A Photographic Atlas of Marine Biology, ISBN-13: 978-0895827852
[PDF eBook eTextbook]
Publisher: Morton Publishing Company; 1 edition (January 15, 2012)
Package Dimensions: 10.2 x 5 x 0.5 inches
The Photographic Atlas of Marine Biology is designed to supplement a college-level marine biology text. It presents photographs of living organisms in their natural habitat and in public and private aquaria, preserved specimens, taxidermy specimens, and photomicrographs of living, whole specimens, and sectioned and stained specimens. There is one scanning electron micrograph. The emphasis is on nearshore and intertidal organisms of North America. Organisms photographed in their natural habitat include some from Vancouver Island to the lagoons of Baja California, from Maine to Patagonia, the Gulf Coast of North America, and the Caribbean (Florida Keys, the Virgin Islands and Cayman Islands). Aquaria and preserved specimens are from a wide range of locations around the world’s ocean. Photographs are by the authors except where noted.
The emphasis is on evolutionary relationships and systematics except for a few eukaryotic taxa, which are presented in functional groups. In Chapters 2 through 32, a table presents taxa names with reference to photographs of representative organisms, a general description of each taxon, species examples, approximate number of known species, and name origins. Chapters 1 and 33 differ from the other chapters. Chapter 1 is a general introduction to biodiversity, taxonomy, and phylogeny; and Chapter 33 is a summary of nearshore and intertidal habitats of North America.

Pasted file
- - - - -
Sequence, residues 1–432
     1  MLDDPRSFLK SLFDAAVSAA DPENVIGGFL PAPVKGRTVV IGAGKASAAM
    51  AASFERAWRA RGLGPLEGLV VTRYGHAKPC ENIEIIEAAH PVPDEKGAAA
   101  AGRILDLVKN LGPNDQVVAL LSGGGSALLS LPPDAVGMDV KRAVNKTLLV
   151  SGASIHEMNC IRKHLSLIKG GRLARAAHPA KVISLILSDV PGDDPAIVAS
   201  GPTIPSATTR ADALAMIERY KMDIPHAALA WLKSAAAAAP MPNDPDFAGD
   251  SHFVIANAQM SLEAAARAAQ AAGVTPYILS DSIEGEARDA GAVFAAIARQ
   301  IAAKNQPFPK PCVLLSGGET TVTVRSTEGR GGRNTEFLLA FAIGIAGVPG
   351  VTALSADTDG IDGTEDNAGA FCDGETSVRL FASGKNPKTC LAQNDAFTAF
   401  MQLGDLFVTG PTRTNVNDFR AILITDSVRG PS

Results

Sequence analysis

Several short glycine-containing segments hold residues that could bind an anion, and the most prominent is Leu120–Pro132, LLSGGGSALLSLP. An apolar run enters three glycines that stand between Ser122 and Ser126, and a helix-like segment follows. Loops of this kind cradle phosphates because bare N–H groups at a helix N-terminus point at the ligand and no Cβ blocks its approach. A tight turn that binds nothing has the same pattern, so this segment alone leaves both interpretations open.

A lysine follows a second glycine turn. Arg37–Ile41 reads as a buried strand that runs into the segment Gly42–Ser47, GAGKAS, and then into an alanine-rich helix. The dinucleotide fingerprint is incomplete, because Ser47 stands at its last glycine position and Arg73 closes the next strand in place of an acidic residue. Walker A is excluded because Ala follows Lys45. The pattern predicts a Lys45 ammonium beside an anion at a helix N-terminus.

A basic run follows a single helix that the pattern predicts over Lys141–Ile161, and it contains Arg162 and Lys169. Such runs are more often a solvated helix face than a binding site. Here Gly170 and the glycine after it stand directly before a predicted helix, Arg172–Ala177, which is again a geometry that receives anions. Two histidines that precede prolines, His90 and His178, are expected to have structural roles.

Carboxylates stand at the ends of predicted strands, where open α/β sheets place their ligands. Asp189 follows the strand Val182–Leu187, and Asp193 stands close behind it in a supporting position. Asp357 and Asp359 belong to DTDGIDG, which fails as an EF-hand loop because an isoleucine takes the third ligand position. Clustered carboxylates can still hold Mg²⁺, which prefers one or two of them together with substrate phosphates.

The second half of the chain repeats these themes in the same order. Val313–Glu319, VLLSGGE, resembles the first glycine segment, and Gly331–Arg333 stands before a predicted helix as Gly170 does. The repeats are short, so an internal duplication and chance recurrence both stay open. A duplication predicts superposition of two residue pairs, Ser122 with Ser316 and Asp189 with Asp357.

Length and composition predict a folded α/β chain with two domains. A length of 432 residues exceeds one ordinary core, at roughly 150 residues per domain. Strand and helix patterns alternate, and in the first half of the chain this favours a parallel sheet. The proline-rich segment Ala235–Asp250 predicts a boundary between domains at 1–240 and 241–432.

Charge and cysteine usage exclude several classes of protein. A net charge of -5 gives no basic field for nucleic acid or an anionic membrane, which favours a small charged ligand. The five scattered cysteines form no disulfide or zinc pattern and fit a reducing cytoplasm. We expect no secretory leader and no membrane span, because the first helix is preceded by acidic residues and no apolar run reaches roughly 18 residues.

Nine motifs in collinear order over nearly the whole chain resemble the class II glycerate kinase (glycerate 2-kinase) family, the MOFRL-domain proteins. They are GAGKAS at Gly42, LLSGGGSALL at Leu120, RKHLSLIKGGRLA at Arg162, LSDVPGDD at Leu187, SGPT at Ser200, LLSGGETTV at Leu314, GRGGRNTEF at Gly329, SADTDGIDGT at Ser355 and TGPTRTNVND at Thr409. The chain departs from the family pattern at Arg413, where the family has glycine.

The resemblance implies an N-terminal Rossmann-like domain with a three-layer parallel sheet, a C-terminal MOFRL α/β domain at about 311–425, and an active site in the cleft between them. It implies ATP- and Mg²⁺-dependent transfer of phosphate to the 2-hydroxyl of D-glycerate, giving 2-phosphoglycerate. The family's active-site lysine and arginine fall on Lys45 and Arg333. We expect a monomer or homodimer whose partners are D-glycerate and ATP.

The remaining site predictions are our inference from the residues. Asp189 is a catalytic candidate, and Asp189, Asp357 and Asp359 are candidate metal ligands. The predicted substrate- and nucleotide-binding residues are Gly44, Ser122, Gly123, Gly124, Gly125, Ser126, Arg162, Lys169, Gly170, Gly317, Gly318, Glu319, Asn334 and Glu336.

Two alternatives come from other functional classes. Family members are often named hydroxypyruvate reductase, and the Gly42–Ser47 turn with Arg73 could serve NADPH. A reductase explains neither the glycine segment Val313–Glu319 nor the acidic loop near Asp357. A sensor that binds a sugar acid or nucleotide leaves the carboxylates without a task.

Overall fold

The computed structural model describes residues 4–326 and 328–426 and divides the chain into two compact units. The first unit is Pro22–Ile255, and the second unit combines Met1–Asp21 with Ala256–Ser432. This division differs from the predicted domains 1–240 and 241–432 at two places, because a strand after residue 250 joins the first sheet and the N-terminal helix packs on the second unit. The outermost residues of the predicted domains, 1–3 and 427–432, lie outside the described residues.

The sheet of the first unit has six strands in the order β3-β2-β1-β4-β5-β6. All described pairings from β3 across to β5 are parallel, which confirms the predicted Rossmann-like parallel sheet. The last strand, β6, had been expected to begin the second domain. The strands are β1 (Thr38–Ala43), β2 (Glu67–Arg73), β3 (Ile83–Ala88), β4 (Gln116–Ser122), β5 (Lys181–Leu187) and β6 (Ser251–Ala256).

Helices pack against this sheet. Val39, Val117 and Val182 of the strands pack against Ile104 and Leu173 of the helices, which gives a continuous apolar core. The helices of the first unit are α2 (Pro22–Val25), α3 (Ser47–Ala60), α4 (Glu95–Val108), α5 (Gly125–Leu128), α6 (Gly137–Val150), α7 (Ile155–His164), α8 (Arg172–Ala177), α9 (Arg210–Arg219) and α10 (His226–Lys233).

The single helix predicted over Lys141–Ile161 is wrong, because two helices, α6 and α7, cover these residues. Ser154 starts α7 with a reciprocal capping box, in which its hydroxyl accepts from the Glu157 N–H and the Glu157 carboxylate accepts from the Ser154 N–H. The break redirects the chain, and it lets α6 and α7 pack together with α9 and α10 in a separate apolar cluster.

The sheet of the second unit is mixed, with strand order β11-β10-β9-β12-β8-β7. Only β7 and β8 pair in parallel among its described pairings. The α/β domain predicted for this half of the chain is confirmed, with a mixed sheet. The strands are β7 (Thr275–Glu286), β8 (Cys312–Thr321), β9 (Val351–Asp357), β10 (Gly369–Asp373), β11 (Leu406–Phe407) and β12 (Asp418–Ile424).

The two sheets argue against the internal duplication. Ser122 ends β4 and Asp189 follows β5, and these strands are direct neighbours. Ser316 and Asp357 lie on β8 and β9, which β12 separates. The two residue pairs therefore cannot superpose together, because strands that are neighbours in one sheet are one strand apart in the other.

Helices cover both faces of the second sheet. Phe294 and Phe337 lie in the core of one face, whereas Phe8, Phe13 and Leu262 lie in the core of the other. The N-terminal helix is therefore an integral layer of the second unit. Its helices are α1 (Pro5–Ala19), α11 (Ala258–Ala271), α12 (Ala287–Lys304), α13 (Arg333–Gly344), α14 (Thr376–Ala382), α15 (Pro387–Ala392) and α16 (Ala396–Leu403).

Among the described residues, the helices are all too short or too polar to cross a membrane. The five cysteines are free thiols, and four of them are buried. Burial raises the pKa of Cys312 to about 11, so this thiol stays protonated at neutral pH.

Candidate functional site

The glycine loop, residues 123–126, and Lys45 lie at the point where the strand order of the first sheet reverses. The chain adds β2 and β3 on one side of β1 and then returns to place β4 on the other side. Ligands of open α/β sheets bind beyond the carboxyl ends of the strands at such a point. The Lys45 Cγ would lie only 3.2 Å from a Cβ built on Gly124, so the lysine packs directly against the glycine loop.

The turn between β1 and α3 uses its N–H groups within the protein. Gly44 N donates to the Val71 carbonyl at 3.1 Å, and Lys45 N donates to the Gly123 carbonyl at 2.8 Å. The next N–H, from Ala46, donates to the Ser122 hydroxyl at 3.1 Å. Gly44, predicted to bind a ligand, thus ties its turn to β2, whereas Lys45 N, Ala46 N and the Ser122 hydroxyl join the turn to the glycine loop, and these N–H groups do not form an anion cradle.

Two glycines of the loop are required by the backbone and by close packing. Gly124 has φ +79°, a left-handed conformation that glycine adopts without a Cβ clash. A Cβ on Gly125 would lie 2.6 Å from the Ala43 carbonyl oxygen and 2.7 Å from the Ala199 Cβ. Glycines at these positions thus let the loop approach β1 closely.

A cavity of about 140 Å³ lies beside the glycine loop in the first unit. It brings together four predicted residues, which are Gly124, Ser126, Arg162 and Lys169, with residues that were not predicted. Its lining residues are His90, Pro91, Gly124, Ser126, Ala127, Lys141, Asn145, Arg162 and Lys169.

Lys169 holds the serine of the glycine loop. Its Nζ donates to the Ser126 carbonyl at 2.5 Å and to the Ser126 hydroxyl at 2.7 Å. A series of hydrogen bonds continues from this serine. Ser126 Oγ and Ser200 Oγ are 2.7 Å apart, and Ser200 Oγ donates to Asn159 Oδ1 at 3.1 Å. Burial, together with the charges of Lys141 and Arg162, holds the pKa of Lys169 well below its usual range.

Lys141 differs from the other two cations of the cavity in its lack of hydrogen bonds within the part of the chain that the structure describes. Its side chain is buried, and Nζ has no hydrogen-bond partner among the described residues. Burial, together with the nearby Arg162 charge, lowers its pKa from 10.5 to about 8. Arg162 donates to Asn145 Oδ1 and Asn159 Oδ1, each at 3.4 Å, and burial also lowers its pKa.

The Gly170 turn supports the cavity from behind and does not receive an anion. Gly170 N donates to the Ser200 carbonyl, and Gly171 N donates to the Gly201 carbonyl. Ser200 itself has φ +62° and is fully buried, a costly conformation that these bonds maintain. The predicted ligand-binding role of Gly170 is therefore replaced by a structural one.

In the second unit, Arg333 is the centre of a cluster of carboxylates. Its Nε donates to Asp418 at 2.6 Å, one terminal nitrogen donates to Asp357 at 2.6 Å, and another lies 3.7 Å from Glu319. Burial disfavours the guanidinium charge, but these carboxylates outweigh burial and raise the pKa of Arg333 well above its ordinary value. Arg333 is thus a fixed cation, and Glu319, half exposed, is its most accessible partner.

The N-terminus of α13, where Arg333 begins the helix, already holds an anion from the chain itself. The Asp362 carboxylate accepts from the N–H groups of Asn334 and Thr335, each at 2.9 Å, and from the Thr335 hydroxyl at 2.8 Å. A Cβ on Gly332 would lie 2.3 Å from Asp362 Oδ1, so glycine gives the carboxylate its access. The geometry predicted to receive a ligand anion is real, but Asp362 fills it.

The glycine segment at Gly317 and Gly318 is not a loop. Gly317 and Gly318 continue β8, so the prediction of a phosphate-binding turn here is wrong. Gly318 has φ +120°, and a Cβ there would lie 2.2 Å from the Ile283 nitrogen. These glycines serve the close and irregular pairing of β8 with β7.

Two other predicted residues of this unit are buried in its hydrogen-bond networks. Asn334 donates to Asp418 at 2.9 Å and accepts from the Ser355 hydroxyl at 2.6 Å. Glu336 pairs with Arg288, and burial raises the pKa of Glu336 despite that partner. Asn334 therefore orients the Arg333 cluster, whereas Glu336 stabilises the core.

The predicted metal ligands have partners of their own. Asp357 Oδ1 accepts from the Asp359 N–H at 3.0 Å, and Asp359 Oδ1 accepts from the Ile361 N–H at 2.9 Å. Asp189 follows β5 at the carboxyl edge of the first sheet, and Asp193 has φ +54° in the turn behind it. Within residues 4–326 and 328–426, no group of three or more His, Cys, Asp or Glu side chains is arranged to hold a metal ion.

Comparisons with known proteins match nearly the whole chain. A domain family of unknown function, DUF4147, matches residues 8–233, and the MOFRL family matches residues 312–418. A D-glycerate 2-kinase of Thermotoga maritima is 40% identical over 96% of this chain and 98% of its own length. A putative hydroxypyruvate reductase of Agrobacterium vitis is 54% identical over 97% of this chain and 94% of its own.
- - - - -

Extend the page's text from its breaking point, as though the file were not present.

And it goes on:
In addition to photographs, there are dozens of art pieces that emphasize phylogeny and systematics, present life cycles, or show important anatomical, embryological, or morphological details. Some art pieces appear repeatedly so that chapters may be used independently and in any sequence, and to provide evolutionary perspective for the organisms of that chapter. Some of the art is modified from figures appearing in Biology by Neil A. Campbell and Jane B. Reece, and Integrated Principles of Zoology, by Cleveland P. Hickman, Larry Roberts, Susan Keen, Allan Larson, Helen I’Anson, and David Eisenhour.
“This book has really good pictures in it with very interesting marine species in each phylum.I really like how they start off each chapter with the first phylum that had an evolutionary significance in the theory of evolution (but mostly emphasizes on the marine species of each phylum, which goes together with all types of organisms throughout history). This book helped me receive an A in my class and will keep this book for later reference as I am interested in this marine species, especially that if marine mammals like the dolphin and whale.”
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